Is e-filing a much better way to file your taxes?
Americans and the IRS may not agree about everything, but they are largely on the same page in regards to e-filing individual income tax returns.
The majority of individual income tax returns submitted to the IRS are e-filed.
In return, you can get any refund you’re owed quicker, particularly if you have it directly deposited to your bank account.
But what about security? And can digital filing really give you access to all the forms that you may need in case you have a complex tax situation? Are there ever situations when you can’t e-file? Let us look at the benefits of e-filing, and whether it may be the best filing choice for your requirements.
If you’re Considering e-filing, a Few of the advantages include:
- Quick confirmation your forms are obtained: The IRS will affirm a tax filing was received within 24 hours of digital submission. For paper filers, the IRS doesn’t send any acknowledgment that your forms have arrived safely.
Timely refunds: When you publish a paper filing, it can take six to eight months to receive a tax refund. With e-filing, you are going to get your money in three weeks or less. Choosing direct deposit may also speed up the refund process.
Reduced chance of errors: In accordance with the IRS, there is approximately a 1 percent error rate on e-filed yields, compared with a 20% rate of mistakes on paper filings. The IRS also provides more info on issues discovered on e-filed yields compared with paper returns.
Easy payment process: If you owe the IRS money, it’s simpler to pay at your convenience when you e-file. You can submit returns early and pay afterwards if needed, as long as you pay from the April 15 filing deadline. And you can schedule electronic money transfers to send the IRS what you owe on a date of your choosing again, as long as the IRS receives your payment by Tax Day. You also have the choice to pay your balance by using the IRS Direct pay service from the checking account or savings accounts, submitting a credit card through a payment processor for a commission, or paying by check or money order. Just be aware delaying payment after the filing due date (typically April 15) will result in penalties and interest.
Digital storage of taxation information: Submitting returns electronically implies there is an electronic copy of your tax records. If something happens to your paperwork, then you’ll have an electronic backup.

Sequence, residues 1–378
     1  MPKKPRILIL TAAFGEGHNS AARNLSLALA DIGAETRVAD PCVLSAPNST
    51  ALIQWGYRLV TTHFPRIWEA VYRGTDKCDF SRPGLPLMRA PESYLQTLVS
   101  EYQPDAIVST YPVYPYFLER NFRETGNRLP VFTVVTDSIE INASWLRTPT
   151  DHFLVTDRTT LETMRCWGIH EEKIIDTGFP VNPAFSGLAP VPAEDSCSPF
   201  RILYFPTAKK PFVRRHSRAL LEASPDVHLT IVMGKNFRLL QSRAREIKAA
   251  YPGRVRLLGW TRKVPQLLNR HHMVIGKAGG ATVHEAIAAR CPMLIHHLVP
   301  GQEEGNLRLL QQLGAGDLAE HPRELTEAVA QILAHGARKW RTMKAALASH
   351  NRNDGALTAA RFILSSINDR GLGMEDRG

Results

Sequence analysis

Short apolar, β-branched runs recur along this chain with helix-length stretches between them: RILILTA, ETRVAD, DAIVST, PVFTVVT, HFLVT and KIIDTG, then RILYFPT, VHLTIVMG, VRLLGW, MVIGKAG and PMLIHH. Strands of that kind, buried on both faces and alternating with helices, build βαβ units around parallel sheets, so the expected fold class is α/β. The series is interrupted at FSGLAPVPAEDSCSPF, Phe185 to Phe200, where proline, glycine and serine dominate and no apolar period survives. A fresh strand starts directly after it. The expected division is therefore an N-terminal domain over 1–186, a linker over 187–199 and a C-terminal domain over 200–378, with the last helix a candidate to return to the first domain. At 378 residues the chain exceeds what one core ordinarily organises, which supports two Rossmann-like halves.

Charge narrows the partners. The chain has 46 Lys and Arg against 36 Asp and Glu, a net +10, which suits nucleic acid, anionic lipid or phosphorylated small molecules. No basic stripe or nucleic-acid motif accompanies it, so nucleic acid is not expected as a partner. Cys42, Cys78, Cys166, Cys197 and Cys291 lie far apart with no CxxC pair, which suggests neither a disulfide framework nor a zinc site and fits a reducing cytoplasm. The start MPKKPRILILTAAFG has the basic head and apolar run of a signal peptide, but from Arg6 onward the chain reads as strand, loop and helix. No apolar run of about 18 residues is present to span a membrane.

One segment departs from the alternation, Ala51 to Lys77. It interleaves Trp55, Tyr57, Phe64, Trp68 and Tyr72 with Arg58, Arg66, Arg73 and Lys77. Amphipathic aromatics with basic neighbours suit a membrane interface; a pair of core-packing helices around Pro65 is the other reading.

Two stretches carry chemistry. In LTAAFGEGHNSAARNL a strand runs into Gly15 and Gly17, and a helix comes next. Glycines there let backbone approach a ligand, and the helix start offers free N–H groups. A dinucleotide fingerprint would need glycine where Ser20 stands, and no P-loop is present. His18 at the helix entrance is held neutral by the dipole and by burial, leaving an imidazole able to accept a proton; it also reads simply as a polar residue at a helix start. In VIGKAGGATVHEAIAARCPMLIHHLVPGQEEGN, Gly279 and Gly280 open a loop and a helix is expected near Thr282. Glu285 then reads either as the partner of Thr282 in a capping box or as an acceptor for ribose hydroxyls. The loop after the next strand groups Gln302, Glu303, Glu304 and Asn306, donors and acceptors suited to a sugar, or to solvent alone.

The fantastic news: Most taxpayers do opt to e-file and find those benefits — and the process of doing so is simple.
Using online tax prep software is far and away the favored approach of most taxpayers. In fact, the IRS says it anticipated over four in five tax returns to be submitted through tax return prep software.
Is e-filing really stable?
While e-filing is convenient, you could worry about safety — especially with all these data breaches. But experts agree that this isn’t an issue that should deter you by e-filing.
“In fact, it may be more secure than paper filing as you’re sending your private information through an encrypted system as opposed to exposing your information in the email.”
Dennis Chow, vice president of data security at SCIS Security, explains that the IRS has put security measures in place to keep your information secure. “Vendors typically utilize IRS specific APIs that require ab sessions,” Chow says. “All of this is routed over TLS encrypted connections”
It is very important to employ a trusted service to assist you record your taxes. Chow advises not to e-file on a computer or utilize an online connection which isn’t private.
For many taxpayers, it is sensible to e-file a yield because it is the most convenient way to submit your tax information to the IRS and it allows for timely refunds and easy payment options. Just make certain that you use tax preparation software from a dependable source, so you can make certain the information you provide to transmit to the IRS will be kept protected.